Link Posted: 10/28/2002 11:26:10 AM EDT
Originally Posted By MIerinMD: Mondale will win Minnesota on the sympathy vote, just like Jean Carnahan did in Missouri.
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Actually, it may not be that easy for Mondale. First, rumours to the contrary non-withstanding, Fritz and wellstone were not man and wife. It is possible that they had something going on, but that theory is as of yet unproven. Another strike against him is status of Board member of a certain HMO (Wellstone flunkies will undoubtedly take issue with this. Strike three is his backing for Social Security reform. Of course, Democrats can't play by the rules, so he's allowed 4 strikes, but his likely backing for Pres. Bush on the Iraq resolution may be the nail in the coffin. IMVHO, I think he'll drive more wellstone backers into the Green camp.
Link Posted: 10/28/2002 11:46:40 AM EDT
What is Mondale's record on gun votes?
Link Posted: 10/28/2002 12:32:56 PM EDT
[size=4]Mondale Is Beatable[/size=4] [b]Why Coleman can win.[/b] by Ramesh Ponnuru, NRO The instant conventional wisdom, formed before he has even formally entered the race for the late Paul Wellstone's Senate seat, is that former vice president Walter Mondale has it in the bag. Stories over the weekend helpfully suggested that Republican candidate Norm Coleman essentially pack it in — that he go through the motions of campaigning and live to run another year. A closely related piece of conventional wisdom has it that Wellstone would probably have won the race had he not been tragically killed, along with his wife, his daughter, and six others, in a plane crash on Friday. One recent poll had him leading Coleman by six points. The further assumption seems to be that the Democrats will benefit from a wave of sympathy, much as Jean Carnahan did in 2000, when Missouri governor Mel Carnahan died in a plane crash in the middle of a Senate race. We'll never know what might have been if Wellstone had lived, of course. But it's by no means a sure thing that Wellstone would have won. The last Republican polls taken before Wellstone's death had Coleman slightly ahead. And even the poll that placed Wellstone in the lead didn't show the senator above 50. In fact, no poll showed him cracking 50. Neither does the Carnahan parallel show that Coleman has no shot. Jean Carnahan's candidacy had four things going for it in 2000. First, there was sympathy for a newly widowed woman. Second, there was the nasty tone of the race prior to Gov. Carnahan's death. The race drove both candidates' negatives up. When one of the candidates died, the other one was left with his high negatives in place and forced to run against a new candidate — his opponent's widow — with no such handicap. Third, Carnahan's death helped motivate the Democratic base to turn out. Fourth, the end of the campaign saw a lot of free media devoted to Democratic themes. All the wonderful things that Mel Carnahan had done received glowing coverage. (No doubt a genial conservative who died suddenly would get the same treatment.) The fourth factor will be present in this race, too. The first won't, since the replacement candidate is not going to be one of Sen. Wellstone's surviving relatives. The second will be a smaller factor than it was in Missouri, because the Wellstone-Coleman race, while tough, was more issue-oriented and less personal. The third is hard to gauge, but presumably Wellstone alive would have been pretty capable of getting his left-wing base to the polls — and nobody considered him unbeatable until he died. Oh, and one more thing: Even with all those things going for them, the Democrats barely won that Senate race in Missouri. They beat the Republicans by only two points. How formidable is Walter Mondale as an opponent? The last time he ran for a statewide office in Minnesota was 1972. [b]When he ran for president in 1984, he barely carried the state[/b]. He is old, at 74; he looks it; and he legitimized the age issue by using it himself in 1984, when he was on the other end of it. If he is forced to run a real, albeit quick, campaign, Mondale could also have some problems with his base. Yes, he's a liberal Democrat. But he's not a child of the New Left, as Wellstone was. The fact that he's on the board of an HMO won't endear him to Wellstone's core constituency. Mondale also co-chaired a commission that came out for Social Security reform, including both private accounts and an increased retirement age (according to an AP report from earlier this year). Mondale can also reasonably be asked to state his position on Iraq: Would he have voted for or against the war resolution? He won't want to be against the president on this. But if he says he would have voted for the resolution, the Wellstonites will feel betrayed. The Democrats are waiting until the last possible moment to make Mondale their official candidate — no doubt realizing that the longer the campaign goes, the more vulnerable he is. To maximize the contradictions in the Mondale candidacy, Coleman needs to pack as much of a campaign as possible in the few days he'll have to run. That means challenging the elder statesman to as many debates as he can. It's a reasonable request, given the peculiar circumstances of this race. Mondale will no doubt get up to speed with today's issues. But it's hard to see him beating Coleman in debate. I'll go out further on a limb: After the first polls on a Mondale-Coleman match-up have been done, the national Republican party will increase, not decrease, its commitment to Minnesota. Indeed, the real question may not be whether Coleman should run a real race but whether Mondale should run at all. The attention he's getting now has to be flattering. Democrats are begging him to be the savior of his party. But does he really want to run the risk that losing this race will be his swan song? In the late 1980s, Mondale said, "One of the things I'm most proud of is that not once in my public career did I ever lose an election in Minnesota." He may be about to put that record to the test. [url]http://www.nationalreview.com/ponnuru/ponnuru102802.asp[/url] Eric The(Historical)Hun[>]:)]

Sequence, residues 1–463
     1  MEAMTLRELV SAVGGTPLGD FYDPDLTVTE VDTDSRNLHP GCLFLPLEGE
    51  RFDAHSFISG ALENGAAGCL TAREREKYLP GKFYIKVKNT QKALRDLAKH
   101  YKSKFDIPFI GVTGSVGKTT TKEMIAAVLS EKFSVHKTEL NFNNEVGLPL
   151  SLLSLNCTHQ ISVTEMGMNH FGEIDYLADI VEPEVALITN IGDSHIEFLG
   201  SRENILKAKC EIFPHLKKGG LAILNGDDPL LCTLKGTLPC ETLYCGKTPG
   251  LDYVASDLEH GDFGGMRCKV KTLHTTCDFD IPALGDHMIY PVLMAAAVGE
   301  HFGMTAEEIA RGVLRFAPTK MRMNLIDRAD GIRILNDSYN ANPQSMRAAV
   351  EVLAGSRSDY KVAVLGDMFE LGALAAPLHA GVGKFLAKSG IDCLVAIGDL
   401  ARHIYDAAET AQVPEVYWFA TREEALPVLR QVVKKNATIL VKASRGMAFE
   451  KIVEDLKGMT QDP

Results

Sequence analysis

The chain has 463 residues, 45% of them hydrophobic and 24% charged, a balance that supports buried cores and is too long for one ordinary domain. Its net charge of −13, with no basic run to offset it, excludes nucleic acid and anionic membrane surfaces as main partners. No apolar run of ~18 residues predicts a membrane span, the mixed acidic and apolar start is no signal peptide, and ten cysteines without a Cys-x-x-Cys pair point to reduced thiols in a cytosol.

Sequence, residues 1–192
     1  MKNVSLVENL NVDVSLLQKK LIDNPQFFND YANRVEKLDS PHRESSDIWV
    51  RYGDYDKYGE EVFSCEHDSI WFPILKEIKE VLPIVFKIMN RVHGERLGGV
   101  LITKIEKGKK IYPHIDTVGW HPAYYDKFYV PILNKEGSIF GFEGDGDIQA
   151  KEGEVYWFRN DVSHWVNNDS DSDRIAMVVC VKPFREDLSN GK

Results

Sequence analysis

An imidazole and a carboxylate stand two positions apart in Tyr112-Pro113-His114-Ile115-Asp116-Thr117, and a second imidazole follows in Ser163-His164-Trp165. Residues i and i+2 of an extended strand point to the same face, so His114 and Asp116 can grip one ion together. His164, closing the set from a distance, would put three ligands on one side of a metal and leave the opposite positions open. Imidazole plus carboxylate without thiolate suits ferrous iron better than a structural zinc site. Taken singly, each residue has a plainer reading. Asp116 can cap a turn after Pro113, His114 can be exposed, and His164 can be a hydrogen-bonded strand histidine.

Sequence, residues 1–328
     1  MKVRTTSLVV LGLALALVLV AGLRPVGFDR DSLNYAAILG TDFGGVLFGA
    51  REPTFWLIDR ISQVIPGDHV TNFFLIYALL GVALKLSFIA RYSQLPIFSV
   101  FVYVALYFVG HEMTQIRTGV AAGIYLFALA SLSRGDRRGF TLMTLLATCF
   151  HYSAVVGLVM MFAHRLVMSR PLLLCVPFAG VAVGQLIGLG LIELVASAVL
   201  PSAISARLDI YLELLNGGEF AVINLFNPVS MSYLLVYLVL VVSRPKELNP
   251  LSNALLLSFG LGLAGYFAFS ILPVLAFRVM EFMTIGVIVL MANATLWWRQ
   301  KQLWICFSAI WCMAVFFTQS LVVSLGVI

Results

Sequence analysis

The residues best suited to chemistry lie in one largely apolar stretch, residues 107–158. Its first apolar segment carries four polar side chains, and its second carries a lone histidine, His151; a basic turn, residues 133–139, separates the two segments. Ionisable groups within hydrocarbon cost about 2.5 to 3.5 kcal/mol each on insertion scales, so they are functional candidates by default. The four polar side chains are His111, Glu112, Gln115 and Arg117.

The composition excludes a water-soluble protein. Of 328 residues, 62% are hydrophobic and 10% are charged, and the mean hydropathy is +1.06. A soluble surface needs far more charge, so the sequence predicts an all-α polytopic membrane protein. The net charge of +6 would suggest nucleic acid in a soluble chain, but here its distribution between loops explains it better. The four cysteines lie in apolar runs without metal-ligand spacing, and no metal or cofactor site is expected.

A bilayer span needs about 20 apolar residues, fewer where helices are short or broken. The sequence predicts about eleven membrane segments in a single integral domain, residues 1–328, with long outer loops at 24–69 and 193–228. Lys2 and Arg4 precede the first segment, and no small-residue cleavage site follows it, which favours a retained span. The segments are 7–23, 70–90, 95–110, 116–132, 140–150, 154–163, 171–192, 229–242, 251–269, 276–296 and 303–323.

Link Posted: 10/28/2002 12:43:51 PM EDT
Originally Posted By MIerinMD: Interesting. Why do you think that Progressives would go with a GOP'er than with a more philosophically aligned DEM? I'd like it to be true.......
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Coleman isn't exactly a right-winger. He used to be a democrat. He's got a lot of support from people who have seen what he has done as mayor of St. Paul as well as people like FIREARMS OWNERS which is a lot of the state of MN. Most liberals are located in Minneapolis and Duluth/Northern MN. Also, look at our current governor: "the Body Ventura". Minnesotans are voters who will respond to someone who has a good message. Norm Coleman needs to get his message out and the democrats have little time to revise their strategy.
Link Posted: 10/28/2002 2:54:11 PM EDT
Mongoloid isn't getting my vote.
Link Posted: 10/28/2002 4:41:21 PM EDT
I'm afraid he may be, I think there will be a large turnout of sympathy (do it for paul) voters. BTW, I heard that if Mondale ends up not wanting to run, the dem's next choice is to dig up Humphrey and run him.